Inside the United Steelworkers offices where John E. Shinn works, pins cover a map on the wall.
The pins represent the Steelworkers’ presence across the nine states, plus Puerto Rico, that Shinn oversees as director of District 4. A cluster of the pins dot Western New York, which is home to the district’s headquarters in Cheektowaga.
Shinn’s territory contains about 55,000 active members, including about 8,500 in Western New York.
Shinn, a 59-year-old New Jersey resident, was named district director in January 2012 and serves on the union’s executive board, which includes Leo W. Gerard, the union’s president.
Some of the Buffalo Niagara region’s largest manufacturers, including DuPont, Dunlop and Aurubis, have Steelworkers members, giving Shinn a vantage point on the local economy. He is upbeat about the incoming SolarCity plant, and considers high energy costs and trade agreements like the Trans-Pacific Partnership threats to the nation’s manufacturing base.
Q: How is the health of your union and the industries where you represent workers?
A: I think the health of our union is good. We have taken the initiative to work with a lot of our employers on trade cases, trying to keep work in the United States. One of the weaknesses is the fact these bad trade deals keep putting a great challenge up to us, at any employers where we represent people. We need better government policies to enhance and entice manufacturing to remain, and also to be established. New York’s got some pretty good incentives and policies out there for manufacturing.
Q: How do you feel the Trans-Pacific Partnership would affect the manufacturing base in a place like Buffalo?
A: I think it’s devastating. We will probably lose some jobs. But the bigger impact is we have to compete with places like Vietnam, and the fact is it’s going to affect us at the bargaining table, trying to keep the standard of living for our members where it needs to be, where they can raise a family and do what they have to do to send their kids to get education and everything else. It’s going to be a devastating impact.
We’ll see the final deal when it comes out, but if they don’t have strong human rights, labor rights, environmental rights. We’re a union that was one of the first to recognize that there was an environmental impact not only because of climate change, but from bad trade policies. If you produce a ton of steel in the United States, and you go and produce that same ton that gets shipped over to China, the (carbon dioxide) emissions are almost two and a half times that go into the same atmosphere. So trade affects all Americans, not just manufacturing.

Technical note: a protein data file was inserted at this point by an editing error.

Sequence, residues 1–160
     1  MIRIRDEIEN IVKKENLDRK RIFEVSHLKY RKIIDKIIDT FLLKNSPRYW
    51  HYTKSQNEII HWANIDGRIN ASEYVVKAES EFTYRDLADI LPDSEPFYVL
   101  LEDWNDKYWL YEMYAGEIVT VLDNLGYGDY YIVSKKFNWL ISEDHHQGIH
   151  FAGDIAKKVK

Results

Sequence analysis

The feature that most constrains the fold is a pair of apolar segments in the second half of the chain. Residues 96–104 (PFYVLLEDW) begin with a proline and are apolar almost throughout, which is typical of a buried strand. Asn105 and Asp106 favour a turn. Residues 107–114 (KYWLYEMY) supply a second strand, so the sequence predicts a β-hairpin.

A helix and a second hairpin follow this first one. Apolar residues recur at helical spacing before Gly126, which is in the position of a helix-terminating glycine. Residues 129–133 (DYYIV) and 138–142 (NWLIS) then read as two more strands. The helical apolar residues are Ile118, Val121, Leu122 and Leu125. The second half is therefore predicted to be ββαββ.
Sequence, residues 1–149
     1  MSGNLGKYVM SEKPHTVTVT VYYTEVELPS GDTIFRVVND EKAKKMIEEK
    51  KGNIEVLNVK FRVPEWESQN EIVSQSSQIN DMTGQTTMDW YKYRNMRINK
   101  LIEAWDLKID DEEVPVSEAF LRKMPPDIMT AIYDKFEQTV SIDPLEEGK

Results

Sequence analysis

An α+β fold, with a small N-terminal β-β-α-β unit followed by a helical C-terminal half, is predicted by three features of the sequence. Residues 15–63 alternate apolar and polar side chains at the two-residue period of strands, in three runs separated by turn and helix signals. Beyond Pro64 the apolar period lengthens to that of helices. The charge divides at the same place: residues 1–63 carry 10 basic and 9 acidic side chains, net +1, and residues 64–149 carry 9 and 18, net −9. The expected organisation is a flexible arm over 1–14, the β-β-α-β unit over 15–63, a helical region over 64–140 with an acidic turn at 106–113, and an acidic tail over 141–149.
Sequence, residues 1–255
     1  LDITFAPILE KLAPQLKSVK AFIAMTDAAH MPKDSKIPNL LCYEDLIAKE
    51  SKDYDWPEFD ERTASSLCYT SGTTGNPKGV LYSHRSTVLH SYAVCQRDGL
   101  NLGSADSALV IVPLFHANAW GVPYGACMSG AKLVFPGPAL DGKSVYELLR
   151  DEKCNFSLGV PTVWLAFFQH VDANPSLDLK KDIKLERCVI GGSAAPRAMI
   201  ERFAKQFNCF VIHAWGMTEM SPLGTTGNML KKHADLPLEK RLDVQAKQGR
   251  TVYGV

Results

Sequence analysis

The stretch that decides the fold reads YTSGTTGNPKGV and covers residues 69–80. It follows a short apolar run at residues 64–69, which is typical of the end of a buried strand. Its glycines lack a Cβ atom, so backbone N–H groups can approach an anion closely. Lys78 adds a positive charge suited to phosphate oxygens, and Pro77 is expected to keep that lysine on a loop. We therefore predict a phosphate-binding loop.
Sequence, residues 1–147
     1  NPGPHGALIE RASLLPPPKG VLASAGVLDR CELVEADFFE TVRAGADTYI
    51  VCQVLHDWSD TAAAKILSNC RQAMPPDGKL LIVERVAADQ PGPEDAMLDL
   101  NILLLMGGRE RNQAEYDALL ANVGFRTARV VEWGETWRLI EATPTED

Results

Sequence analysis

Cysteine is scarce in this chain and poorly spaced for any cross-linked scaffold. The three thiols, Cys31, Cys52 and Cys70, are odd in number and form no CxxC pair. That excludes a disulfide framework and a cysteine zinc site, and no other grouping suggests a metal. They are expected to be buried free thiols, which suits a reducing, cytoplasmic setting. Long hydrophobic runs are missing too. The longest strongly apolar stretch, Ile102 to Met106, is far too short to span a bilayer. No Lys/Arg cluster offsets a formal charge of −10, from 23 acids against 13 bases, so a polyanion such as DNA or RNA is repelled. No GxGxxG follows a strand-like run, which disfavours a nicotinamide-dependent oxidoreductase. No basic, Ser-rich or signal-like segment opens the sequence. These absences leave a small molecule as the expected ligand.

Q: What are your impressions of Western New York’s manufacturing base?
A: I think it’s strong because of how we work with our employers. We recognize they have to make a profit, and we want them to recognize our members are working hard and deserve a good wage and good benefits and good security for the future. Aurubis (formerly American Brass) is a good example. After the bad years of 2007, 2008, when the crash happened and everything else, we had a lot of employers in jeopardy. Aurubis has come back strong. It’s healthy, it’s added over 100 jobs. They’re doing well. They’re in a competitive industry.
Q: Sumitomo Rubber Industries is taking back full ownership of the Dunlop plant in the Town of Tonawanda, after Goodyear had partial ownership. What effect will that have?
A: We believe they want to establish their footprint stronger in the United States. We’re hoping that they will do the right thing and invest and look for the long-term viability of that facility.
Q: SolarCity is building a manufacturing operation in the city. Do you see an opportunity for the Steelworkers to organize its workforce?
A: Absolutely. I think we’re the ideal union. We established, with Leo Gerard’s leadership, the BlueGreen Alliance. Leo Gerard got together with the Sierra Club back in the mid 2000s and established the fact that we need to understand there is climate change out there, we need to have a say in government policy, we need to work to make sure we have a diversified energy policy, which includes clean, renewable energy.
And we also believe we should be partnered with those companies, quite frankly. …
Q: Union leaders talk about “just transition,” the idea of switching to cleaner forms of energy while looking out for the workers whose jobs would be impacted. What role does the Steelworkers union have in that?
A: We want a realistic energy policy. Just to say we’re going to get to using clean renewables at a certain percentage by a certain date, it’s got to be a realistic value. We’re not even talking about just transition at this point in time, we’re talking about a sensible energy policy.
But people that have good, living wage jobs working in the energy spectrum, they should be able to transition over to another good job.
Q: What about bringing younger workers into the fold?
A: I got involved (in a union committee) at a young age. You don’t see a lot of that because a lot of our plants have laid people off. The least-senior person there might be 15, 20 years (of service) . They don’t have a lot of young people. So where we do have young members, we’re making a very serious effort in reaching out, educating them. We’ve had two trainings in the last two years, and trained over 250 young members – we call them NextGen – leaders for our future.
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